Genealogists tend to focus very closely on questions of evidence. The reason is very simple. Many apparently sound family trees are riddled with inconsistencies, leaps of illogic and undocumented assertions. It is all too easy to waste weeks researching non-existent ancestors before uncovering the flaws in such pedigrees.
Given the nature of much genealogical evidence, with garbled family stories, ludicrously repetitive naming traditions and half-obliterated parish registers, absolute certainty is often impossible. The best a researcher can aim for is a well-reasoned argument that takes account of any surviving records or traditions, and assesses probabilities as dispassionately as possible. Even then, the pattern-seeker’s trap awaits: if you stare at gibberish long enough, it will start to look intelligible.
Take the Irish ancestry of Ronald Reagan. The earliest documented ancestor is Michael Regan, who married in England in 1852 and recorded his father as Thomas. The English 1851 census (very fortunately) gave Tipperary as his place of origin and his age as 21. So far, so good. And the researchers who searched Tipperary parish registers did indeed find a Michael, son of Thomas Regan, baptised in Ballyporeen in 1829.
But at least 20 of the 53 Catholic parishes of Tipperary have no records for the years around 1830. Both Michael and Thomas are unimaginably common forenames and there were more than 50 Regan households in the county at the time. Even for parishes that have records, five minutes on rootsireland (which only covers two-thirds of the county) will get you at least ten Thomas Regans baptising children over the period. So it is perfectly likely, probable in fact, that more than one Michael, son of Thomas, was baptised in the relevant period. A very slender basis on which to build the Ronald Reagan Visitor Centre.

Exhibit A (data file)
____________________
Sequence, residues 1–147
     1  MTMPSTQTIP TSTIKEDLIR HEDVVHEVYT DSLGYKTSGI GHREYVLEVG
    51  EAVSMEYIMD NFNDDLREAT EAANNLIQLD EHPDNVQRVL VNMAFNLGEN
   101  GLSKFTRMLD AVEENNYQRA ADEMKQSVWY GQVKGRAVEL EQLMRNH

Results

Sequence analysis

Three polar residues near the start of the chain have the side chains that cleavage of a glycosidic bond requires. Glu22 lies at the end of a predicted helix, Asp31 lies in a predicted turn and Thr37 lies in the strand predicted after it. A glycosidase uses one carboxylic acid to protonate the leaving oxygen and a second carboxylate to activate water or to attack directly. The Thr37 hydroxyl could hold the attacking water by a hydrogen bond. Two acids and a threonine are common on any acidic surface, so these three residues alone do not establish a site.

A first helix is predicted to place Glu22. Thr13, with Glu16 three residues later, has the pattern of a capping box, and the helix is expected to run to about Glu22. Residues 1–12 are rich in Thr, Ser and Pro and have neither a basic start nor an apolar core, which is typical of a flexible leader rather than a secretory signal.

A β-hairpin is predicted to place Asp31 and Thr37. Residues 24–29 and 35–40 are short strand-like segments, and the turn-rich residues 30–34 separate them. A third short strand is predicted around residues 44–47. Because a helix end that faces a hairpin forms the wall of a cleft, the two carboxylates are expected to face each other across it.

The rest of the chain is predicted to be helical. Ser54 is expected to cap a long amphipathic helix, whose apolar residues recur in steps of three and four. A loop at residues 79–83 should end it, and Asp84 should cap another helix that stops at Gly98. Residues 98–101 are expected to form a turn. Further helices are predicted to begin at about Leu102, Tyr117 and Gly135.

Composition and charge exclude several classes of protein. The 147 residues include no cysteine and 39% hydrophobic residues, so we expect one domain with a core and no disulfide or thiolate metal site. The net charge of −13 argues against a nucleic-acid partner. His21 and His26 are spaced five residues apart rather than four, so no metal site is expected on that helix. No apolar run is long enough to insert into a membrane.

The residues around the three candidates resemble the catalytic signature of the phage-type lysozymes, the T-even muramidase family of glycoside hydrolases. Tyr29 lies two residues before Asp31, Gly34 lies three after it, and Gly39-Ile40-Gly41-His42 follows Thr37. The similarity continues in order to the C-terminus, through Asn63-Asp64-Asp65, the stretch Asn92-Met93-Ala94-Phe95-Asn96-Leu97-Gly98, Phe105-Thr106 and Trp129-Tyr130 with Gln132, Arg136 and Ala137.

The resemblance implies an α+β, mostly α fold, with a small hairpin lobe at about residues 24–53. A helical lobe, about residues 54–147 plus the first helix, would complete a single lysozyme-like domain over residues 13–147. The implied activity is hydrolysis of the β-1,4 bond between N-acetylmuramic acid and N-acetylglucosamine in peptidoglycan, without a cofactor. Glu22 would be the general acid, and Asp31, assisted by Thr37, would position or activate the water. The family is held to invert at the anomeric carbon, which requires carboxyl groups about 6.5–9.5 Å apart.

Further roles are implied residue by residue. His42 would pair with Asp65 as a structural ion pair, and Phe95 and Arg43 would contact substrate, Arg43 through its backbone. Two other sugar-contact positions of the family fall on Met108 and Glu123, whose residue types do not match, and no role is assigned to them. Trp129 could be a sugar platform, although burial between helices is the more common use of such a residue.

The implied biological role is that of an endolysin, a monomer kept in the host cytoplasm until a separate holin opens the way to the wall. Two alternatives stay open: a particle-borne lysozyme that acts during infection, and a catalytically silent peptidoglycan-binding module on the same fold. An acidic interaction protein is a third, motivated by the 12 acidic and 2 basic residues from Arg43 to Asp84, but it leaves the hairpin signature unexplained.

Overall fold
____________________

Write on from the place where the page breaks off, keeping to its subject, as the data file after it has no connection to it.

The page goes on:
However good the documentation, however impeccable the reasoning, humility and scepticism are always required. In the words of science writer Jonah Lehrer, just because something is true doesn’t mean it can be proved.
And just because it can be proved doesn’t mean it’s true.